The key to conversing a visitor into a client is the creation of trust. Your product can be the greatest thing on earth or the dullest office supply ever, both can be sold online when your visitor knows you are the best supplier for that product or service.
We often advise on how to gain trust in our website reviews, and I’ve compiled a list of some of the advice we’ve given over time. Of course, trust can be earned in more ways than this, but we’ll give you these seven to start with.
1. Use clear and normal language
This is an often overseen issue that causes a lot of misgrief with your visitors. You should speak their language, not drown them in a sea of technical specs you don’t even understand yourself. Use a clear and direct style of writing. Keep your audience in mind. Do not focus on telling them what you want to tell them, focus on providing as many arguments as possible why their quality of life improves after buying that specific product.
Do not brag about your products yourself. If your products or services are really that good, I’m sure you’ll find someone else that can do the bragging for you. Make sure your visitor understand that the testimonial is written by an actual customer, by listing at least name and company and if the customer agrees, even a picture of him. Video seems to be the next big thing in testimonials, by the way. In my opinion, that video testimonial should be accompanied by a written excerpt:
3. Verified signs
Everyone can create a verified sign, so don’t let those verified signs fool you. But the majority of your visitors actually believe that you are the ‘Most appreciated hairdresser of Mississippi’ or the ‘Best Plummer 2006′. Man, I hate those signs. But when the signs are from well-known companies, they really do add value to a webshop:
By investing in the guidelines of the right verification companies the webshop shows that it has been keeping the customer in mind when setting up the website.
If you recognize the woman on this picture, please call the following toll-free number…:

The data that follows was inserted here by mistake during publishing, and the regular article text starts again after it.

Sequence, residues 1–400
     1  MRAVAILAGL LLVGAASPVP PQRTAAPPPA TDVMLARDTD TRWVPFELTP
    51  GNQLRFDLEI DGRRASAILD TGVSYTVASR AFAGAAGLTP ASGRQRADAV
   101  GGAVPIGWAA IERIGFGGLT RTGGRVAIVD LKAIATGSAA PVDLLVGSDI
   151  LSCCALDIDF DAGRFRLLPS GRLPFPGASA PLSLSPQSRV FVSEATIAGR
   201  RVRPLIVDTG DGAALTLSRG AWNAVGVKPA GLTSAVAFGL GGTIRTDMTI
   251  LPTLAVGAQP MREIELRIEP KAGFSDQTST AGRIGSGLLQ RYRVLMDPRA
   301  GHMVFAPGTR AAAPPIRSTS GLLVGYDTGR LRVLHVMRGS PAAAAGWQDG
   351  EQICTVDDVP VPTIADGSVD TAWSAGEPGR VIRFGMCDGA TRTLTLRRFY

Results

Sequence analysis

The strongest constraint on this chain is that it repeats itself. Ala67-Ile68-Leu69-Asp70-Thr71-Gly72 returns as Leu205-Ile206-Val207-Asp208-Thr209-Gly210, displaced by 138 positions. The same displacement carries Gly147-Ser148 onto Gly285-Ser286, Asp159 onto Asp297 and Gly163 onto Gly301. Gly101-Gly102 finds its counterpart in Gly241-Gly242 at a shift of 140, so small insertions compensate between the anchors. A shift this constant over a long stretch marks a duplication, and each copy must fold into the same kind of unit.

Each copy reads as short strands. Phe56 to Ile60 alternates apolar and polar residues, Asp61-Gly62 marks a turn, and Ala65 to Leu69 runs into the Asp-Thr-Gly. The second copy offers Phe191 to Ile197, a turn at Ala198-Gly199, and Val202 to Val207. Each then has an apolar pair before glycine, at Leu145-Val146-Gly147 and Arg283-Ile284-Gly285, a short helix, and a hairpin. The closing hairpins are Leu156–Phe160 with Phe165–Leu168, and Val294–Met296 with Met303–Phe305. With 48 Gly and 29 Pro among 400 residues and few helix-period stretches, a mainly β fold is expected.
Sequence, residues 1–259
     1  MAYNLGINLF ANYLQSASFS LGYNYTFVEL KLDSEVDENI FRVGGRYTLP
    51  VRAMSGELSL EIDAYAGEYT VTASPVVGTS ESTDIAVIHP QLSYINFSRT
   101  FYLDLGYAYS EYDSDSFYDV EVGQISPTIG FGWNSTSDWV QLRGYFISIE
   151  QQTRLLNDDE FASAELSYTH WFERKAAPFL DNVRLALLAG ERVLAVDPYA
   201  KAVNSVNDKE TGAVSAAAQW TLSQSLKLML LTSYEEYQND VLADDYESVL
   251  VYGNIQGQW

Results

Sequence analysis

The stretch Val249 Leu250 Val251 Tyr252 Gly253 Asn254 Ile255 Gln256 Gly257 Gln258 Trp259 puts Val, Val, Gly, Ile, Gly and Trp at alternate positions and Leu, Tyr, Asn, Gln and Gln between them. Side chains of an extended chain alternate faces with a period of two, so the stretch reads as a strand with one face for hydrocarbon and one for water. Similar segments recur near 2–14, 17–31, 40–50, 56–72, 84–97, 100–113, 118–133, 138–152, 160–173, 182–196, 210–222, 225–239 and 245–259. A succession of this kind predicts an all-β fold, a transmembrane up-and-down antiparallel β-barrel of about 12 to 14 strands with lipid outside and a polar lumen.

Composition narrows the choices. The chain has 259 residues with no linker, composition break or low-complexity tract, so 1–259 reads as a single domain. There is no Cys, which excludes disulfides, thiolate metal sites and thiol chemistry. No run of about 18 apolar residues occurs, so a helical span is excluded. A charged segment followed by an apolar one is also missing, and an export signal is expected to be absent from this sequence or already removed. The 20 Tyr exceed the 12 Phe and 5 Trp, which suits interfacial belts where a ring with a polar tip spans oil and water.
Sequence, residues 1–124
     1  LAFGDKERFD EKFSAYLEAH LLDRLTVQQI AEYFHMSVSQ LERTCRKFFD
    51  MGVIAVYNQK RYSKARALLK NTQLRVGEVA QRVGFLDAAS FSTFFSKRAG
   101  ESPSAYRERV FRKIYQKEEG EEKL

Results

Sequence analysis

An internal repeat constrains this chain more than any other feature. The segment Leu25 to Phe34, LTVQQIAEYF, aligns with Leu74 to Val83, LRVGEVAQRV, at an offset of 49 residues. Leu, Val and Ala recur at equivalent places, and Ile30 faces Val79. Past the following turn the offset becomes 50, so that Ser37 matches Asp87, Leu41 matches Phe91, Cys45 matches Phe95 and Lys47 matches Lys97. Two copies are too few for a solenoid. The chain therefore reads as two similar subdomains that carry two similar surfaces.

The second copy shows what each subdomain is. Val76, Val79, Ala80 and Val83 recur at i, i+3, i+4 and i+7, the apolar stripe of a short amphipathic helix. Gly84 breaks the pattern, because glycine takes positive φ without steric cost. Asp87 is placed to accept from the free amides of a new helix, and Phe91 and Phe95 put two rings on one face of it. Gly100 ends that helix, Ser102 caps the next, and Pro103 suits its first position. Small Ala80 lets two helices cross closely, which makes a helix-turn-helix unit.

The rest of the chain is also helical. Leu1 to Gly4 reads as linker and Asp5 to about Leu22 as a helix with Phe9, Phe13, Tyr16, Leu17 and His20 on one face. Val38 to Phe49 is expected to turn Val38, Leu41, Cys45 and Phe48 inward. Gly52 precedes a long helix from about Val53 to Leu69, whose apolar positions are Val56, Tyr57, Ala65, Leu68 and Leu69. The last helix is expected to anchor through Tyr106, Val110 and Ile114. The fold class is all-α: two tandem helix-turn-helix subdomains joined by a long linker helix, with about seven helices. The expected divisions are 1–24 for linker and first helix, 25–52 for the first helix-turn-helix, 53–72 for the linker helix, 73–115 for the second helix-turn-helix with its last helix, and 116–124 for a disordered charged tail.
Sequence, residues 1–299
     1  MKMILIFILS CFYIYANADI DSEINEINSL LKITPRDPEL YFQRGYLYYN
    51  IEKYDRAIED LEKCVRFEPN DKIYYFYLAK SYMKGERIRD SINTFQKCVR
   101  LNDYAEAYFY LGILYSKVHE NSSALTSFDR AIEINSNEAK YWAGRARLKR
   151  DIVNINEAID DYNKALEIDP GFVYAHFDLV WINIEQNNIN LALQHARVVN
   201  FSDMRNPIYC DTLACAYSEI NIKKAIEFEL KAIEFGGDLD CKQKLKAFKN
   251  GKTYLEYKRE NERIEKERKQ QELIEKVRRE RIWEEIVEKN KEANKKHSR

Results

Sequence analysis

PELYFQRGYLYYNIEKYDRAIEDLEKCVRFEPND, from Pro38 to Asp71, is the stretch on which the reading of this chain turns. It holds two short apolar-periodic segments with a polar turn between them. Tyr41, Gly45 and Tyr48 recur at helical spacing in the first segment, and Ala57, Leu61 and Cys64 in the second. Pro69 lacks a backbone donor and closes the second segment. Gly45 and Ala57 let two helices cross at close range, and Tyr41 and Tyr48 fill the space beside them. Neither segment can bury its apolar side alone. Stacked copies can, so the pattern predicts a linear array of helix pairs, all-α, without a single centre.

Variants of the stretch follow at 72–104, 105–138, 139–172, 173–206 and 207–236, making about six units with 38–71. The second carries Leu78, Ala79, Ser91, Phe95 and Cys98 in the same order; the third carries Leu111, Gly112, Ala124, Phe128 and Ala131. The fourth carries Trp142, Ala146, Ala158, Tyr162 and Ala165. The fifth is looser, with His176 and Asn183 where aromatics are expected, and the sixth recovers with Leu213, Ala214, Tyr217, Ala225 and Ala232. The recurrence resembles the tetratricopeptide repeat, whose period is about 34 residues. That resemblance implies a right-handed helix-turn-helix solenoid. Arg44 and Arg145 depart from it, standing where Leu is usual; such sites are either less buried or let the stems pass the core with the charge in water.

You can do better than that stock photo. Listing actual pictures of yourself and/or your employees pushes conversion due to recognition and identification.
5. List your physical address
This one is really simple: people want to know there is a place to go to in case of problems (if any). Having an actual store next to your webshop works even better, especially if a lot of your customers are relatively local.
In the Netherlands digitalstreet.nl made this concept into a huge success, even though they’re located in the south-west of the Netherlands (quite near to where we are), people come from all over the Netherlands because they’d rather buy the product in the store. There are more stories like that, but even if you don’t want to do that, just listing your address on check-out pages increases trust a lot.
6. What happens after check-out?
There’s this hesitation in almost all buying decisions: right before you click the Pay Now button. What’s going to happen next? Am I charged for taxes, import, anything else? Can I select a wrapping paper? Explain what happens after clicking that button. That way the customer is included in your ordering process and there are absolutely no suprises. That can be done with just a few short lines of text:
7. Show you care about more than making money
The most important thing is that your website has to reflect your believe in the product or service you provide. Just a list of products is not enough. Also tell your customer about your company, your main values or mission statement. I really love the 1% for the Planet from Yvon Chouinard (Patagonia) and Craig Mathews (Blue Ribbon Flies) http://www.onepercentfortheplanet.org. Next to showing that you are involved, it also creates a huge sympathy and trust factor.
We’d love to hear your tips!
If you are selling products or services on your website, you must have thought about this subject. I’m curious: What have you done on your website to increase trust? What are you going to do?